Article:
Additional transportation information, including campus shuttle and train schedules, parking, carpool and car rental information, is available online at www.hostra.edu in the “About” and “Student Affairs” sections at the top of the main page.

Local Accommodations Note: To receive a special “Hofstra” rate, you must call the hotel’s direct reservation line — special rates are not available online or via the hotels’ toll-free 1-800 numbers.

ALLEGRIA HOTEL & SPA Long Beach NY 11561 Tel: (516) 889-1300 (888) ON-BEACH (662-3224) Fax: (516) 889-1310

Getting Here by Train

General Inquiries: stay@allegriahotel.com

From New York City: The Long Island Rail Road provides regular commuter service from Pennsylvania Station in New York City to the Hempstead station, which is less than two miles from Hofstra’s campus. Pennsylvania Station is at 34th Street and 8th Avenue, below Madison Square Garden. Take the Long Island Rail Road East on the Hempstead Branch to the final stop “Hempstead.” Depending on the day and time, a complimentary blue Hofstra shuttle is ready to take visitors and students to the Hofstra campus. The bus makes several stops on campus. Otherwise, take a taxi for a five-minute trip to the Hofstra campus.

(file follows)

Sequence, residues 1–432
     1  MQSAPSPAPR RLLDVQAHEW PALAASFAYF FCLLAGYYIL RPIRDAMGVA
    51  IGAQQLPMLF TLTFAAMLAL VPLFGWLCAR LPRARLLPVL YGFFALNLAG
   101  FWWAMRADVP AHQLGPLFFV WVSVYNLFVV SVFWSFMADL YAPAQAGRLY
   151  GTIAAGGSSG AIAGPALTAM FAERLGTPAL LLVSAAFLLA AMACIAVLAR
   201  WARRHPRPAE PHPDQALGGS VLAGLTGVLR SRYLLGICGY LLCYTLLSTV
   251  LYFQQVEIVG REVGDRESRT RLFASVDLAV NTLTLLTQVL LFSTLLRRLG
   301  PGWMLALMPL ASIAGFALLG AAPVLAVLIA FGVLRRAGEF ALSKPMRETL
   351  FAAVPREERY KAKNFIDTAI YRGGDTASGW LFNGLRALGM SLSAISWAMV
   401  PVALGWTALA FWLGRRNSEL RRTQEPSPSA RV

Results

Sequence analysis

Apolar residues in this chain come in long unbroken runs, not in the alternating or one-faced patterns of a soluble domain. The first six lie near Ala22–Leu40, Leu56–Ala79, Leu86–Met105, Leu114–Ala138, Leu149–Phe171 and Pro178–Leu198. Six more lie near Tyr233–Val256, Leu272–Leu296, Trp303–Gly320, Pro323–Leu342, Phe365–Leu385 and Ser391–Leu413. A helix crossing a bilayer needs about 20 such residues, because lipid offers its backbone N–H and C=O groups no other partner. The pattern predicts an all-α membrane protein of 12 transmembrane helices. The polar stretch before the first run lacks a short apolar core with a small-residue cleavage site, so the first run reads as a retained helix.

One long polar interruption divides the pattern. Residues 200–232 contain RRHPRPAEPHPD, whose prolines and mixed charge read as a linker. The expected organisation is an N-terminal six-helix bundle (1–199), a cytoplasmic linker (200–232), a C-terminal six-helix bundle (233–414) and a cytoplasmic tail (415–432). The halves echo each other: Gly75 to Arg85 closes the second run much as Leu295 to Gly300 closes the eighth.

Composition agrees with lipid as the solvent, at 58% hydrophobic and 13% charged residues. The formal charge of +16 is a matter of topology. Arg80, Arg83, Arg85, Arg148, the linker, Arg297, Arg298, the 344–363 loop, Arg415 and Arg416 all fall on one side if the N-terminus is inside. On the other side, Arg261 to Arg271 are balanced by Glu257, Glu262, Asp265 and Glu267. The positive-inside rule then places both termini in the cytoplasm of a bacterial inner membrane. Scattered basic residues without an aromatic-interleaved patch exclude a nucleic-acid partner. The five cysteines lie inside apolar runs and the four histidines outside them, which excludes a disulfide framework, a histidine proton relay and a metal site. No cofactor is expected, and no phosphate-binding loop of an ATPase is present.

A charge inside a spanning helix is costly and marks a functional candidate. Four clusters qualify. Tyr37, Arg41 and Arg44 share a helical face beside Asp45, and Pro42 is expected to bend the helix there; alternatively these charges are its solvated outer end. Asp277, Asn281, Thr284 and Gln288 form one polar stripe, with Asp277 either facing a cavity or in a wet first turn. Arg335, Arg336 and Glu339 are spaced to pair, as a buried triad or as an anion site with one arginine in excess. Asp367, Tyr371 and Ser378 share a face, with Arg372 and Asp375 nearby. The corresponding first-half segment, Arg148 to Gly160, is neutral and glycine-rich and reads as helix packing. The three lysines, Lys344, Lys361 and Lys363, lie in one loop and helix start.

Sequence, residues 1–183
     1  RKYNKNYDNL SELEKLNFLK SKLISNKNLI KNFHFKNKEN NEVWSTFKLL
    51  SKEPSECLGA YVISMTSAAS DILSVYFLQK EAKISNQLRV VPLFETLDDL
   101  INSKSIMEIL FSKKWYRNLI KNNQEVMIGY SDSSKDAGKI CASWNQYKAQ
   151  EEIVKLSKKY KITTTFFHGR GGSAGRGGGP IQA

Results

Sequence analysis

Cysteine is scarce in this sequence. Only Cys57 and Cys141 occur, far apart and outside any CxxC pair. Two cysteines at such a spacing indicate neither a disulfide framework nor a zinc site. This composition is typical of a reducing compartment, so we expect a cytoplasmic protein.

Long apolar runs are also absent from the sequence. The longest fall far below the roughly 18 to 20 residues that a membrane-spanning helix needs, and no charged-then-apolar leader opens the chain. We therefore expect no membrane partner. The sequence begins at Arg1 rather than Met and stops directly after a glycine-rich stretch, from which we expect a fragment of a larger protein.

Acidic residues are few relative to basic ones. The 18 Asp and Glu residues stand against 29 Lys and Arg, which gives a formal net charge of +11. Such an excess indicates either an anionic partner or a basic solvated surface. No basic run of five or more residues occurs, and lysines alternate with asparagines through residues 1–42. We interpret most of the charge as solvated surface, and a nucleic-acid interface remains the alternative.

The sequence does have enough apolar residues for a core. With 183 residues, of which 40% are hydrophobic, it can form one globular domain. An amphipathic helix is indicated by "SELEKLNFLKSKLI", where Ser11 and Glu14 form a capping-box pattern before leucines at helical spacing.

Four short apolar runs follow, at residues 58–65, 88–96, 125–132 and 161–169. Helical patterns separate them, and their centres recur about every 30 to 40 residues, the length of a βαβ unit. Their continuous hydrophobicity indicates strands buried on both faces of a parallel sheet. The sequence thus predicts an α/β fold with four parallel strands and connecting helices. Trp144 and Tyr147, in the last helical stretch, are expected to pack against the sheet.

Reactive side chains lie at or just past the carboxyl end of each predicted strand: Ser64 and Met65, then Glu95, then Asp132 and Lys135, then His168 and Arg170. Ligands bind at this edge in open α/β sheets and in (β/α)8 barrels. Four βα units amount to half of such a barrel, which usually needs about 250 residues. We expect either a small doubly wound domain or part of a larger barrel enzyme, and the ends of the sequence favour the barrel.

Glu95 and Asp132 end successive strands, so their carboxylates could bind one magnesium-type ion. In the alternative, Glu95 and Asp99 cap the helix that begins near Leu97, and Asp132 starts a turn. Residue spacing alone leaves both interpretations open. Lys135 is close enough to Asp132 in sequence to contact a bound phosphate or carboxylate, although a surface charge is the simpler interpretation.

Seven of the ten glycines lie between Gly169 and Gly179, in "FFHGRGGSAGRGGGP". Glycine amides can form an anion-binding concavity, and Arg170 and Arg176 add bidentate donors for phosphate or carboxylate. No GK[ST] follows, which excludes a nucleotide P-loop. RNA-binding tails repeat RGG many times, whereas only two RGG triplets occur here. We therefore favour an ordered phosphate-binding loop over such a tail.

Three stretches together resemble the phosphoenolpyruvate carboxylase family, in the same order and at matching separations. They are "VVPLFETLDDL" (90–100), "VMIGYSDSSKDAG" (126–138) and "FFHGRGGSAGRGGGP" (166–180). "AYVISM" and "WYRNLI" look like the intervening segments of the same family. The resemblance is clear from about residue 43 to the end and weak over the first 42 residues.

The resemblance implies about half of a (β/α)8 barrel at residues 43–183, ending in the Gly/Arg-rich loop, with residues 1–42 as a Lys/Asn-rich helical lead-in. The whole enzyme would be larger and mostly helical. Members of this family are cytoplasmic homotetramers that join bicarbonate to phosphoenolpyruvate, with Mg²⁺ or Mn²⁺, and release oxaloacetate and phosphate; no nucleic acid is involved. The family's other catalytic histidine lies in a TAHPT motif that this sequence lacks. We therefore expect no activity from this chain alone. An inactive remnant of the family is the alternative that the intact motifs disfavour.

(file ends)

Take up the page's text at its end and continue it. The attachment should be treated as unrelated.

The Allegria Hotel and Spa is the first oceanfront hotel offering 143 luxurious guest rooms and suites. Conveniently, the Allegria Hotel & Spa is located four blocks from the Long Island Rail Road Station, 12 miles from John F. Kennedy airport and 21 miles from midtown Manhattan.

THE GARDEN CITY HOTEL 45 Seventh Street Garden City, NY 11530 Attn: Reservations Manager Tel: (516) 747-3000 or (800) 547-0400 Fax: (516) 747-1414

HAMPTON INN 1 North Avenue Garden City, NY 11530 Attn: Reservations Manager Tel: (516) 227-2720 or 1-800-HAMPTON Fax: (516) 227-2708

THE LONG ISLAND MARRIOTT 101 James Doolittle Boulevard Uniondale, NY 11553 Attn: Reservations Manager Tel: (516) 794-3800 or (800) 832-6255 Fax: (516) 794-5936

The Hampton Inn offers free on-thehouse hot breakfast, on-the-run breakfast bags, wired and wireless high-speed Internet access, local calls, 24-hour business center, 24-hour fitness center and suite shop, indoor pool, guest laundry facility, studio suites, meeting room, board room and the 100 percent Hampton Inn satisfaction guarantee.